French artist Etienne Franzak lives in the Alps, where he skilfully whittles pieces of wood in his workshop, turning raw planks into automotive Race Cars art worthy of a gallery. So far, he’s created a Morgan Three-Wheeler, a Belly Tank and an Auto Union. And has big plans for four more sculptures next year.
ETIENNE, WE LOVE YOUR WOODEN SCULPTURES (Race Cars). COULD YOU TELL US MORE ABOUT THEM?
[Laughs]. They’re unique. It’s not my first job. I was an economist before but two years ago I decided to quit and work by myself. I spent a lot of time in the workshop learning how to carve wood. My inspiration is automotive: race cars, motorcycles and custom culture. Two years ago, I decided to create my first sculpture.
It was a Morgan Three-Wheeler pedal car made out of ash. But this is such a lot of work. I took it to Malvern, England, to the Morgan factory, to present myself and my work. And I had a very good welcome. After that, I made the Belly Tank. It’s a half-scale sculpture in wood. I want them to catch the eyes when you see them in a gallery.
ARE THEY ALL ONE-OFFS?
Every car I’ve made so far is a unique piece. Because the buyer wants to have a bespoke sculpture. It’s very special. Maybe in a few years I can do the same piece if I have a commission.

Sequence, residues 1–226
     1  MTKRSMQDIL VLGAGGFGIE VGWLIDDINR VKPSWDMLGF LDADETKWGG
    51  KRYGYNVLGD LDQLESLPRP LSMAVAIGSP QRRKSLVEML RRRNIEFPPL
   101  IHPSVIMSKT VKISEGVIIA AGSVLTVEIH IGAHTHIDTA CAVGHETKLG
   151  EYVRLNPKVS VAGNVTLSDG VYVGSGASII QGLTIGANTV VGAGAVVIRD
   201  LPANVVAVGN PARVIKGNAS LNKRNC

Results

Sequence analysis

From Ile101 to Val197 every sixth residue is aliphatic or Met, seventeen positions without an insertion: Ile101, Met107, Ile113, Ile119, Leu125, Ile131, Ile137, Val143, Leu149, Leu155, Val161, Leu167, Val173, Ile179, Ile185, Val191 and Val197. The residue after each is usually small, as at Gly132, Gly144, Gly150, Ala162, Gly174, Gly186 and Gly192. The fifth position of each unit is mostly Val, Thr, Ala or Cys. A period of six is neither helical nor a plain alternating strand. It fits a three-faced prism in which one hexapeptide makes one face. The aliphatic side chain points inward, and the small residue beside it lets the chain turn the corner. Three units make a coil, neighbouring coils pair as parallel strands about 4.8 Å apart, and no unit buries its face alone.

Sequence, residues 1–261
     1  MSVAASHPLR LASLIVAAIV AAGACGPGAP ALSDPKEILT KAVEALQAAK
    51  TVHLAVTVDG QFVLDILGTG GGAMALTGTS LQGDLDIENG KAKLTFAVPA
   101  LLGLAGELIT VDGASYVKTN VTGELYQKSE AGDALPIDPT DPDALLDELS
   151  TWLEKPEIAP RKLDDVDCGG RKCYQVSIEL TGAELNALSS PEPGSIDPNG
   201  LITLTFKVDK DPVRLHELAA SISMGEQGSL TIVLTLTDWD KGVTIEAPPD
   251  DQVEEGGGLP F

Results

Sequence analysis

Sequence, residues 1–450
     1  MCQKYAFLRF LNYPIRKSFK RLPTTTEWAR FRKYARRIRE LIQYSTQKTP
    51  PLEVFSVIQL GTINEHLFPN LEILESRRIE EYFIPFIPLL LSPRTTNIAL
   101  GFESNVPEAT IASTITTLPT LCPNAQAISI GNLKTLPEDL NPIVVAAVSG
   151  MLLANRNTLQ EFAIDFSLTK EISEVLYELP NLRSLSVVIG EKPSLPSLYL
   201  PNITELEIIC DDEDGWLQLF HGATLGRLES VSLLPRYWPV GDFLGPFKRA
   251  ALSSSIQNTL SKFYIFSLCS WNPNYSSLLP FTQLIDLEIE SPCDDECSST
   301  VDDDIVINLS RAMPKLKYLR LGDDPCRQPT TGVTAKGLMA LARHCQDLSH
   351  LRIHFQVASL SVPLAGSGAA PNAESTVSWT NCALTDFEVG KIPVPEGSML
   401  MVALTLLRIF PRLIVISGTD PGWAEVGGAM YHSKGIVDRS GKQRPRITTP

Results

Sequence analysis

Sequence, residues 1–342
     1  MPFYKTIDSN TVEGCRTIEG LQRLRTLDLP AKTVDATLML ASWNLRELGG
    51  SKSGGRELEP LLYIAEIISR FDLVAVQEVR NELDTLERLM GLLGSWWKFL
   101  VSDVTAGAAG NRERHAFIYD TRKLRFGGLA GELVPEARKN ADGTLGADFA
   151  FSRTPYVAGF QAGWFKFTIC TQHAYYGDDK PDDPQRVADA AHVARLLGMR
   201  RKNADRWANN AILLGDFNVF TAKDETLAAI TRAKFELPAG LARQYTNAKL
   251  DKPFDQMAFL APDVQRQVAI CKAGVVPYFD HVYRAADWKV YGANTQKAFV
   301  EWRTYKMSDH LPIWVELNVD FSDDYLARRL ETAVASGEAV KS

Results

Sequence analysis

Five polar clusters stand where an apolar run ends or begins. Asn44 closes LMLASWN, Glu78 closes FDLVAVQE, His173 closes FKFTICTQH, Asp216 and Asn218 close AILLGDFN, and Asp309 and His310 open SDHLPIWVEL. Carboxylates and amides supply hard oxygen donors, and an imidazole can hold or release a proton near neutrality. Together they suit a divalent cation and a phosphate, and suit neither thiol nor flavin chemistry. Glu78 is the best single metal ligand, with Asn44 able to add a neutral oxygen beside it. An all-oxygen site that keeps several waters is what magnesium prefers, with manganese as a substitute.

HOW LONG DOES IT TAKE TO MAKE EACH ONE?
The Belly Tank took two-and-a-half months. For the Auto Union, my latest piece, I’m on the last week, and that’s taken three months from drawing to conception. I work the whole week on it, from Monday to Sunday.
WHAT’S YOUR NEXT PROJECT?
Very interesting question. I did the Auto Union because I saw this car at Goodwood. I’m interested in this era of racing. So, I’ve decided to next work on the Bugatti, Alfa Romeo, Ferrari and Mercedes of the same year. The four cars of the 1936 championship. This is what I’ll work on next year.
HOW DO YOU FEEL WHEN YOU’VE SPENT A LOT OF TIME MAKING THESE SCULPTURES, AND THEN YOU SELL IT?
[Laughs] It’s very difficult. It’s a dilemma. I spend so many hours on the sculptures. And the final product is perfect. I don’t want to sell something that has faults. So, I put many hours into making it perfect. But I also need to make money from it. When I finish all the cars, I spend one week with them to take special photographs.
For instance, I take them to interesting locations that tells more of a story behind them. For the Auto Union, I’ve just returned from Monaco, where I took some photos of the car as it would have looked in 1936 when Bernd Rosemeyer crashed in front of the casino.
ADMIRE ETIENNE’S CRAFTSMANSHIP:
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